• Notorious BIG estate gets copyright infringement lawsuit tossed

    Warner Music Group Inc., Universal Music Group Inc. and a handful of other entities involved with Notorious BIG’s 1994 debut album are off the hook on copyright claims lodged by a 1970s music producer, a New York federal judge ruled Tuesday.
    Lee Hutson, who was popularly known as the lead singer of the soul group The Impressions in the 1970s, claimed the producers of Notorious BIG’s Ready to Die album had used a sample from his hit song “Can’t Say Enough About Mom” in Biggie’s song “The What,” according to his April 2014 suit. But U.S. District Judge Richard J. Sullivan ruled Tuesday the songwriter hadn’t proven he owned the music that was used in the sample.

    Hutson had claimed he was “doing business as” the company that owned the song, but corporate documents showed otherwise, Judge Sullivan found. And Hutson had reached a settlement with a Warner unit in 2008 relinquishing his rights to the music, the judge said Tuesday.

    “The court finds that plaintiff lacks standing to sue because he fails to plausibly allege that he owned a copyright interest in the composition at the time of the alleged infringement — 1994 to the present — or was subsequently transferred copyright ownership that expressly included the right to sue for causes of action that accrued prior to his ownership,” Judge Sullivan wrote in Tuesday’s order.

    “Can’t Say Enough” was a hit for Hutson in 1973, according to the decision. But in 2012, the songwriter said he discovered that the rapper, also known as Biggie Smalls, had used a sample of the track in “The What,” according to his suit. The suit named Warner, Universal Music Group, EMI Music Publishing Inc., Big Poppa Music, Bad Boy Records, Janice Combs Publishing Inc., along with Biggie’s estate and a producer of the album as defendants.

    In September 2014, Notorious BIG LLC, which handles the rapper’s estate, Combs Publishing, Warner Music, Universal Music Group and other defendants called for the suit’s dismissal, saying principally that Hutson didn’t have standing to sue them because he had handed over his copyright interests in “Can’t Say Enough” in a settlement in 2008.

    Judge Sullivan agreed, finding that Hutson had failed to show his ownership interest in the copyright of the composition during the period the producers were supposed to have infringed, according to the decision.

    The suit also included claims that the copyright had been infringed overseas, but Judge Sullivan ruled he didn’t have jurisdiction over those claims.

    Meanwhile, Osten Harvey Jr., known in the music world as Easy Mo Bee, who produced much of the work on Ready to Die, didn’t file a motion to dismiss the suit, and didn’t join in the others’ motion to dismiss, the judge noted. But Judge Sullivan dismissed the claims against the producer anyway, according to the order.

    Judge Sullivan also refused to allow Hutson to amend his suit, finding that the songwriter hadn’t proposed any way to fix the ownership pleading problems in his existing complaint, according to the decision.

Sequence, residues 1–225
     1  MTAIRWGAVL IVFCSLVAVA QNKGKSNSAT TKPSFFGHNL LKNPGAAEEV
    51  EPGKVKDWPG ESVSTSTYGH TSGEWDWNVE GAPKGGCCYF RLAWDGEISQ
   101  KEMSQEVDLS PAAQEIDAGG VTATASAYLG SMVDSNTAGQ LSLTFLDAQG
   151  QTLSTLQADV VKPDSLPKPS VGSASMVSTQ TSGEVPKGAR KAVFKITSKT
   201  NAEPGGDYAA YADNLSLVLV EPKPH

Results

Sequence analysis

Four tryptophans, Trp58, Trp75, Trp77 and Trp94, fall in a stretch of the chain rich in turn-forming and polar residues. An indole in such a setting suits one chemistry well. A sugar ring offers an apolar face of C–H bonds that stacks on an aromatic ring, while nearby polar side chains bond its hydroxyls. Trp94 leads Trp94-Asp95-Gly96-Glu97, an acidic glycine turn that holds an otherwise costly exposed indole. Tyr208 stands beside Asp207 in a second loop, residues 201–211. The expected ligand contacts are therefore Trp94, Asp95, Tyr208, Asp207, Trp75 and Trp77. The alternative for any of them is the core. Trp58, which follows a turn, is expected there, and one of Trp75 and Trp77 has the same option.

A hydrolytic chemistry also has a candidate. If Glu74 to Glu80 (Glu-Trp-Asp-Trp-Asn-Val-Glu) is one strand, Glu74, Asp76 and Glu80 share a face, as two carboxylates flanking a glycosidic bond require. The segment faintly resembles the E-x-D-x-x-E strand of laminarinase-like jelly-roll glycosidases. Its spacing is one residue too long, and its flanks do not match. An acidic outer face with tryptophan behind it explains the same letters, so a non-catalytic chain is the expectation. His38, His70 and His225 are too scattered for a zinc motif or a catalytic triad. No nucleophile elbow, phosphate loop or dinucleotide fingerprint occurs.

“Plaintiff made only a cursory request for leave to amend in his opposition, without including a proposed amended complaint or any explanation of the facts that would cure the first amended complaint’s deficiencies,” the judge wrote.

    Hutson’s suit isn’t the first litigation to touch on allegedly illegally used samples on Ready to Die. A Tennessee federal judge temporarily halted sales of the album in 2006 during a suit over whether the producers had used unauthorized samples of music owned by two companies, and a federal jury awarded $4.2 million to the plaintiffs in that litigation, court records show.

    Staci Riordan of Nixon Peabody LLP, who represented Biggie’s estate and several other defendants in Hutson’s suit, said she was tremendously pleased with the court’s ruling and the vindication of her client’s rights.

    She said her partner, Julian Petty, who has represented the estate for years, noted the importance of keeping records for clients. Riordan cited the recent “Happy Birthday To You” case, a sprawling class action settled earlier this month after a judge ruled Warner/Chappell Music never owned any rights to the iconic song, though it had been charging millions in licensing fees, as proof copyright lawyers should keep an eye out for paper trails on content ownership.

    The Hutson case turned on the ownership of the composition and sound recording, she said. Riordan said her team had uncovered evidence that undermined Hutson’s claim of ownership on the music, but that even after the evidence was shared with him, Hutson refused to voluntarily withdraw his suit.

    “The estate, as an owner of valuable intellectual property, respects the rights of others, but will not hesitate to vigorously defend itself in unmeritorious actions, like the one that was dismissed with prejudice today,” Riordan said. “It is often the victim of baseless claims by those thinking there is easy money to be extorted.”

    Representatives for the parties didn’t immediately respond to requests for comment on Tuesday.

    Hutson is represented by Alan S. Clarke and Anthony R. Motta.

    BIG, Poppa, EMI, Bad Boy and WMG are represented by Staci J. Riordan, Julian Petty, Neal Gauger and Seth Berman of Nixon Peabody LLP. UMG is represented by Andrew H. Bart and Christine Lee of Jenner & Block LLP.

    The case is Hutson et al. v. The Estate of Christopher Wallace et al., case number 1:14-cv-02307, in the U.S. District Court for the Southern District of New York.